• The aid push was directed at a district called Aslam where earlier this month some families were found eating leaves to survive
  • Getting relief to those in need has been complicated because international agencies are required to work from lists that are often compiled by local Houthi authorities
CAIRO: The UN and individual donors are rushing food to a desperate corner of northern Yemen where starving villagers were found to be living off leaves. Aid officials are searching for ways to ensure aid reaches those in need amid alarm that the country’s hunger crisis is worsening beyond the relief effort’s already strained capabilities.
The aid push was directed at a district called Aslam where earlier this month The Associated Press found some families eating leaves. But in a sign of the difficulties in tracking Yemen’s near-famine, conditions appeared to be as bad or worse in a neighboring district, Khayran Al-Maharraq.
On a recent day, Shouib Sakaf buried his 3-year-old daughter, Zaifa, the fifth child known to have died in the district this year from malnutrition-related illness. Sakaf prayed over a grave marked by piles of stones and tangled, dry branches from the surrounding mountain shrubs.
Zaifa was as old as Yemen’s civil war, waged between rebels known as Houthis and a coalition led by Saudi Arabia. Born in the war’s early days, Zaifa succumbed to the humanitarian crisis it has caused — widespread hunger, the collapse of the economy and the breakdown of the health system. In her final weeks, she wasted away, her ribs protruding, her face and feet swollen. At a local medical facility which did not have enough supplies, her father was told she had to be taken to a hospital further away to treat kidney complications. He had no way to pay for transportation there.
“Death came at 2:30 p.m.,” Sakaf said with a deep sigh. “Then we left.”
UN humanitarian chief Mark Lowcock issued a dire warning to the Security Council on Friday, ahead of the world body’s General Assembly, saying, “We are losing the fight against famine” in Yemen.
“We may now be approaching a tipping point, beyond which it will be impossible to prevent massive loss of life as a result of widespread famine across the country,” he said. “We are already seeing pockets of famine-like conditions, including cases where people are eating leaves.”
Across Yemen, around 2.9 million women and children are acutely malnourished; another 400,000 children are fighting for their lives, in the same condition as Zaifa was. This year, the UN and humanitarian groups provided assistance to more than 8 million of the most vulnerable Yemenis who don’t know when their next meal will come. That is a dramatic expansion from 2017, when food was reaching 3 million people a month in the country of nearly 29 million.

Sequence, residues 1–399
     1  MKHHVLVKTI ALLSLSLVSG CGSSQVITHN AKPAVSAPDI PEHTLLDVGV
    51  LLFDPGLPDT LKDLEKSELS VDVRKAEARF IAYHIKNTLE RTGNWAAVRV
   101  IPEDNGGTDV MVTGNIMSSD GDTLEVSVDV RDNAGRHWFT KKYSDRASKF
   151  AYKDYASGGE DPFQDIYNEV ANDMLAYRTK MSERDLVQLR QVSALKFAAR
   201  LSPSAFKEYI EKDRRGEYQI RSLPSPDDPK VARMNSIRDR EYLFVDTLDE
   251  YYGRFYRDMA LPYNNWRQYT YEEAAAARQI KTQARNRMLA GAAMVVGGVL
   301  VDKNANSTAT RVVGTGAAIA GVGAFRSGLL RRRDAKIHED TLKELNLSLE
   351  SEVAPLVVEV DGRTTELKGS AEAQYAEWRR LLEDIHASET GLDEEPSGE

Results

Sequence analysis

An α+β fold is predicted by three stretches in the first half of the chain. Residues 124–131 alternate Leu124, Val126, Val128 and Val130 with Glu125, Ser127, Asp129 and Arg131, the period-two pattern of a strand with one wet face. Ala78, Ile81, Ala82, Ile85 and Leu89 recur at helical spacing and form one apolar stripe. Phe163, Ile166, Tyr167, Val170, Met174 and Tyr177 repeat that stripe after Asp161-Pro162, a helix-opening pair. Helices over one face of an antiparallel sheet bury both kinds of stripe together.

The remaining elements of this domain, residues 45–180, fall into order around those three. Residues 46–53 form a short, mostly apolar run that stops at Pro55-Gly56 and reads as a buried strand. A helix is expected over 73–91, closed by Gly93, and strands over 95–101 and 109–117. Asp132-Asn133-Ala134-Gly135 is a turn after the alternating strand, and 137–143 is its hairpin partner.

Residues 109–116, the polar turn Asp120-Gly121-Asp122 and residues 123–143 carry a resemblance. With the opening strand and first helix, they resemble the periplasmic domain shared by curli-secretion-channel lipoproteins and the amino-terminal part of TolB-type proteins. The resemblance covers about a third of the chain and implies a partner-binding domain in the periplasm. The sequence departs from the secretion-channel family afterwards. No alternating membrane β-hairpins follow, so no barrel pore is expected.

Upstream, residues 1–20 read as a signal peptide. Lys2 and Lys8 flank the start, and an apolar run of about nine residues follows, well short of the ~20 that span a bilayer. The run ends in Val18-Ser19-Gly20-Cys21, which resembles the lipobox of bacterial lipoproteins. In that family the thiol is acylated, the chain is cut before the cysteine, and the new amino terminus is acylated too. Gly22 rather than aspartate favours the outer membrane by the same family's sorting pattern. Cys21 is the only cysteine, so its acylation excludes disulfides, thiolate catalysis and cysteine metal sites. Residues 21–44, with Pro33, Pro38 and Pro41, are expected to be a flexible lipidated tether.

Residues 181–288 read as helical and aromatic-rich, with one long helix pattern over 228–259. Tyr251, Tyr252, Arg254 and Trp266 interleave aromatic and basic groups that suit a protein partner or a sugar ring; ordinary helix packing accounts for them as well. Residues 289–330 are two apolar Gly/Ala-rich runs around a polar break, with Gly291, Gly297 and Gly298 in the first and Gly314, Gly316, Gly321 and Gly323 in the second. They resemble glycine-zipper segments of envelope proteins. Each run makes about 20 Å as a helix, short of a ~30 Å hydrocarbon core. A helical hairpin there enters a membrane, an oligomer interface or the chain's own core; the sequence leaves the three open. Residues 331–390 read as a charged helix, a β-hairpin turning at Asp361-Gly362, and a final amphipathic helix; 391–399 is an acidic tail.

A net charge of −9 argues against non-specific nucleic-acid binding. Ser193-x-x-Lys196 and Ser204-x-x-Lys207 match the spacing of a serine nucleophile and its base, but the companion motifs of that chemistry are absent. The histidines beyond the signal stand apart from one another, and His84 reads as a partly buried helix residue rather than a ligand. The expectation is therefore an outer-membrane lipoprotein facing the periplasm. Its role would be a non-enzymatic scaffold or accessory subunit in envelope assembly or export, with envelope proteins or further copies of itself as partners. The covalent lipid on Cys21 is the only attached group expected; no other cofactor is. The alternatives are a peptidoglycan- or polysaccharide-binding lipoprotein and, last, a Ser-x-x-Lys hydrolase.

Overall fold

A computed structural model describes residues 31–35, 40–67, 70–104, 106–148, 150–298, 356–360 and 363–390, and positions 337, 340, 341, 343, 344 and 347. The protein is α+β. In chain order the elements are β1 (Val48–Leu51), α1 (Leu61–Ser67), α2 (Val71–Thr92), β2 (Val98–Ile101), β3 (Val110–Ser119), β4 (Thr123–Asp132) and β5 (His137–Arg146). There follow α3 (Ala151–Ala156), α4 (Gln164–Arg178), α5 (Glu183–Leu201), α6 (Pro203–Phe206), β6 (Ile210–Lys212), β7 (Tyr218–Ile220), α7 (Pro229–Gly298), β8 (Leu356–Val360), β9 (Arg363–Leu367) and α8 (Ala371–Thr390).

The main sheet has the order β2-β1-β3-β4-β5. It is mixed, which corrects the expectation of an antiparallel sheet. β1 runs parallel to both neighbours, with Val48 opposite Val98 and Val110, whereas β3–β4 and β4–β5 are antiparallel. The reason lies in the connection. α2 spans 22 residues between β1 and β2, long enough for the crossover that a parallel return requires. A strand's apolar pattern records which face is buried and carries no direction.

Lowcock spoke after the AP alerted UN relief officials to the villagers in Aslam district, an isolated area in Hajjah province.
After the AP report, activists launched an online campaign called: “Rescue Aslam” with bank account details to collect donations. Some 30 food baskets financed by individual donors were distributed over the past days.
The UN’s World Food Program carried out an investigation in Aslam and found that aid hasn’t been reaching all targeted beneficiaries. It has since sent trucks carrying 10,000 food packages to the district, each meant to feed one family for a month. Distribution of the aid is still pending the finalization of registration lists.
Getting relief to those in need has been complicated because international agencies are required to work from lists that are often compiled by local Houthi authorities. Critics accuse those authorities of favoritism in putting together the lists.
Stephen Anderson, the director of the WFP, said there is a “retargeting exercise” underway to make sure that “the poorest and hungriest and most marginalized people, wherever they are, are targeted first.”
The agency is introducing a biometric registration to establish a database of beneficiaries, including their finger prints to avoid forgery and duplications.
Anderson said the system “will help give us an assurance” that situations like those in Hajjah are prevented or at least minimized.
A senior relief official said local authorities have resisted implementing biometric registration and the main Houthi-run aid body, known by the acronym NAMCHA, has sought to do registration and control the database. The official spoke on condition of anonymity because of fears of problems with authorities.
The conflict in Yemen began with the 2014 takeover of the capital, Sanaa, by the Houthis, an Iranian-backed Shiite movement that toppled the internationally recognized government.
The conflict has left more than 10,000 civilians dead, driven millions from their homes and sparked a cholera epidemic.